This is Lil’ Kim’s “How Many Licks,” released in 2009:

An anatomically correct doll?  Candy Kim? Really? This is clearly and image of a completely objectified and overtly sexualized female?  What happened to the Women of Hip Hop?  Really what happened to the idea of Hip Hop as a subversive art form that worked to overturn stereotypes and fight the power?  remember Salt and Pepa’s “Let’s Talk About Sex”?

Where’ are the hip hop groups like this now?? Groups with positive messages which inform the population about their safety and new ideas of empowerment? Artists like Lil’ Kim encourage the understanding of women as objects and this understanding creates a culture in which women are abused and assaulted. If you are not familiar with these ideas about the objectification of women’s bodies  check out Jean Killbourne’s  “Killing us softly 3” – there is a fourth version but it’s not available on the internet for free:

Summer’s Eve ads

I have so much to say and never any time!!! Teaching and working on this dissertation stuff is really eating up my life!

But still …I had to take a second and share these…

Apparently, this is old news – but I missed it and I thought y’all might have too! Take a look…. I think they’re both offensive. You?

Feminists Who Like Men Who Like Feminists Who Like Women Who Like Men Who Like Men Who Like Women Who Like Men Who Like Masculinists Who Like Whomever and So ON!

So recently I have encountered two things  that deal with questions of masculinity and the oppressions that men suffer a blog entry by Pris Killingly @R]Evolutionary Witticisms in 4/4 Time entitled Our Boys Are Being Failed – A Primer and an awesome masculinist blog called No, Seriously, What About Teh Menz? – which I mentioned yesterday or the day before. And after reading these things I felt that I needed to clarify my position regarding men and feminism. Or rather that a conversation about where I stand regarding questions like do men belong in the feminist movement might clarify for some of you just what kind of feminist I am and also what I actually hope for in terms of social justice.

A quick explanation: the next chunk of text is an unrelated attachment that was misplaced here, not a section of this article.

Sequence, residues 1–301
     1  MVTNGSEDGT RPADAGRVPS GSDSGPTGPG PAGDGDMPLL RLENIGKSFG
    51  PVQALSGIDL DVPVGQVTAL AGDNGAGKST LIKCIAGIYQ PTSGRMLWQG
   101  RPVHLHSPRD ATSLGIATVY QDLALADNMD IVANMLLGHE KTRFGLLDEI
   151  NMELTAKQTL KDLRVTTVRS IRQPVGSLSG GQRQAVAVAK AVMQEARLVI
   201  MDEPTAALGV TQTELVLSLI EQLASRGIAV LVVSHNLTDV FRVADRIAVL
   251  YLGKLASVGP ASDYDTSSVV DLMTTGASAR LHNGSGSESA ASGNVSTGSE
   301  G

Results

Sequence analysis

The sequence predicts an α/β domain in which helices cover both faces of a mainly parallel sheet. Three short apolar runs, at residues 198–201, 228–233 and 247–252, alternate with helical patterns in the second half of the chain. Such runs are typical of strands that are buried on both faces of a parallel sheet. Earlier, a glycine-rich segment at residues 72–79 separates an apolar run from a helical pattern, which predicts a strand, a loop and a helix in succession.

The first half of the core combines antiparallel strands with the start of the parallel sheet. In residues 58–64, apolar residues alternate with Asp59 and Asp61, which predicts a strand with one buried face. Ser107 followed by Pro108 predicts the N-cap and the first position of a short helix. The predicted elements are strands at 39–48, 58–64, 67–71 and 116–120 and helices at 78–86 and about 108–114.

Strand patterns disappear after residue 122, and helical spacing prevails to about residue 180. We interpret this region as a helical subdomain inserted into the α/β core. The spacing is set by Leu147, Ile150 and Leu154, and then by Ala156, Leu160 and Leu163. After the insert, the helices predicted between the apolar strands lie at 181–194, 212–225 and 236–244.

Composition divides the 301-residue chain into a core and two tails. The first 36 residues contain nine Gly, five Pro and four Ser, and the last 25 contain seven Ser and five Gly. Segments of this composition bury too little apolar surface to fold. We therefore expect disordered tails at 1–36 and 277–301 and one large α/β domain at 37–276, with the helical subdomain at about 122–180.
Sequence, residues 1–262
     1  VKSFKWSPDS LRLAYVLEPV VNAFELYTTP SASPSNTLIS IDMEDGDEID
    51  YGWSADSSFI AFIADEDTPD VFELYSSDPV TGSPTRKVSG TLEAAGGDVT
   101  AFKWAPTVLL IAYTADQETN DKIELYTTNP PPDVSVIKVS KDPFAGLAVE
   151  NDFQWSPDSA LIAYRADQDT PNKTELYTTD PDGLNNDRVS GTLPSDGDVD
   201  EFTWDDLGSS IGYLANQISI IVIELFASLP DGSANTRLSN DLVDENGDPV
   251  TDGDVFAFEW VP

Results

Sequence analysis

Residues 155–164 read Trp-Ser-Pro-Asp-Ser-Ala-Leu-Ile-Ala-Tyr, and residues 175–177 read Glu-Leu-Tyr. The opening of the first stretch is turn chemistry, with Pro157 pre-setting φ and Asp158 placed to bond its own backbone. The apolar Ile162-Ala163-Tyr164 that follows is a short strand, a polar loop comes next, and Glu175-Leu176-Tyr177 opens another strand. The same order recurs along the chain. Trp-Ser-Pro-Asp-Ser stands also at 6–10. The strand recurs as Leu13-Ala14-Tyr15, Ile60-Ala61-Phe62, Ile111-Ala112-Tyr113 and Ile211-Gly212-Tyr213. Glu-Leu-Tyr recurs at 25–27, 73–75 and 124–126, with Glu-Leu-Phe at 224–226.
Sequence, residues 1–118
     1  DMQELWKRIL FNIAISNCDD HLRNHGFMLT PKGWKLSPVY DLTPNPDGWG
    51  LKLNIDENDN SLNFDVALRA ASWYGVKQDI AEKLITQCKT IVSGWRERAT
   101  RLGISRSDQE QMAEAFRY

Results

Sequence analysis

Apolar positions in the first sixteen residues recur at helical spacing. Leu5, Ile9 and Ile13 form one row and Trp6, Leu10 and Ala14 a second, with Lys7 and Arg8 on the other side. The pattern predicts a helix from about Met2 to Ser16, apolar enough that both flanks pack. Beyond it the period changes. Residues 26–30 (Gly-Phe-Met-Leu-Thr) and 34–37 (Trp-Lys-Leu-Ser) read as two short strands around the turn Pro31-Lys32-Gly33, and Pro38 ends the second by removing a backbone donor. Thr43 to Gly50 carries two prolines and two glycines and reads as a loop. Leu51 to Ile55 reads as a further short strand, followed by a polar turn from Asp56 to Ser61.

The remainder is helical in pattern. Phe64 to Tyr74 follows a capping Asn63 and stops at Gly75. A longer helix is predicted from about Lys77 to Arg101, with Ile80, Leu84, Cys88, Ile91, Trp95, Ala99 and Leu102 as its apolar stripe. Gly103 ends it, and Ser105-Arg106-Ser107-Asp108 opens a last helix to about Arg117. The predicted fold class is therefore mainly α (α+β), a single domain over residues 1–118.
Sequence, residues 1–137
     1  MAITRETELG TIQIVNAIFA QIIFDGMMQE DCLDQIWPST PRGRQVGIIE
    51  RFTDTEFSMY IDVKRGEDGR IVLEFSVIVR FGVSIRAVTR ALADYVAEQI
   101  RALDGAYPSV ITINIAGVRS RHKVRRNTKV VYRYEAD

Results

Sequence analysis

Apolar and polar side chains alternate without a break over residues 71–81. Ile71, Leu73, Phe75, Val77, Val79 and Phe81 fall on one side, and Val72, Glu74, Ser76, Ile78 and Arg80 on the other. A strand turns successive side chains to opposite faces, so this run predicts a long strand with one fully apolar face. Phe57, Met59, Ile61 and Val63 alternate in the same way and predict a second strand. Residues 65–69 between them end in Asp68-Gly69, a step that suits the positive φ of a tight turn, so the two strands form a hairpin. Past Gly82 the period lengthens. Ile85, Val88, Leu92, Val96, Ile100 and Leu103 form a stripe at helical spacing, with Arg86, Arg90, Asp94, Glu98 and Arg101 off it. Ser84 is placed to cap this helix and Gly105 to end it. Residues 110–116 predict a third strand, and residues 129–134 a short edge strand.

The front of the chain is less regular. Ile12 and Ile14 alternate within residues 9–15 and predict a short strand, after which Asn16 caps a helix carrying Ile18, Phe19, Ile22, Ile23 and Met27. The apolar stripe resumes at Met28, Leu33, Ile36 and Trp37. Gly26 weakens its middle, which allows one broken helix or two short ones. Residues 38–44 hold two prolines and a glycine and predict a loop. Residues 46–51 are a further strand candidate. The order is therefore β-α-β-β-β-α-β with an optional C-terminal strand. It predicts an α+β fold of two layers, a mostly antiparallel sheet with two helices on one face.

If you read my blog regularly you’ll remember a post I made a few weeks ago about inequalities in social justice. With reference to these ideas, I have often become enraged in women’s studies and feminist classrooms when people mention “women’s spaces” – or rather events that exclude or ban the presence of men. I feel that banning or eliminating the presence of men from the feminist discussion not only repeats the oppressions of a patriarchal culture but also underscores the male/female difference – creating no room for healing this false cultural divide.

As the bloggers @ What about the Menz? and Pris Killingly make clear the constructions of masculinity have created cultural oppressions for some men in ways that are similar to the oppressions that many women have felt and feel. That said – like with all norms – the enactment of the norm for men, i.e. sterotypical masculinity results in certain privileges, and in the case of men – those privileges are extensive. BUT still what if you’re not heteronormative or white or sporty or strong or whatever… What then? – Honestly, if you are not a man’s man who can easily enact the role of masculinity , then the ridicule that comes with failing at masculinity is vast and plentiful. Apparently, there are some feminists out there that seem to feel male privilege creates a un-sealable rift between the sexes and therefore they look down of masculinist identities by arguing that men have the privileges so they can’t complain. As far as I am concerned, I don’t need to compare suffering – if you tell me your suffering, I believe you and support you desire to escape the state you interpret as oppressive. To be fair, I’m pretty well versed in terms of feminists and I don’t know any who feel 100% anti-men but I do know MANY who feel the sexes need to remain divided particularly with regard to these “women’s spaces” which allow women to “heal” from the abuses they have suffered at the hands of men.  To be clear, the abuses I am discussing are of a philosophical nature. Sexual assault and/or physical abuse clearly require healing, and it is understandable why a woman/man who has suffered from this kind of abuse would want to avoid all types that represented her/his abuser. I am not talking about this. I am talking about women’s conferences and meetings and politics, which exclude men.  I am talking about the complexities of oppression that come along when we truly understand how race, sex, class, religion, sexuality and other aspects of culture converge to define us in relation to an unobtainable norm – and the need to stop seeing the world as an abstract farce of oppositions.

That said, I believe that we all – every plant, animal and mineral – suffer under the construct of masculinity and the understanding of “masculinity” as the penultimate state of perfection. The element or concept associated with masculinity that  makes this true is reason. Reason is currently used to justify male mastery or rather the human understanding of ourselves as the master consciousness on the planet and the enforcement of this mastery through violence of all kinds – physical, political, verbal, sexual, fiscal etc. I have formed this opinion by reading books and articles – amongst others – Val Plumwood’s Feminism and the Mastery of Nature, Micheal Kimmel’s Guyland (see point five of Popculture Smörgåsbord) and James Gilligan’s Preventing Violence.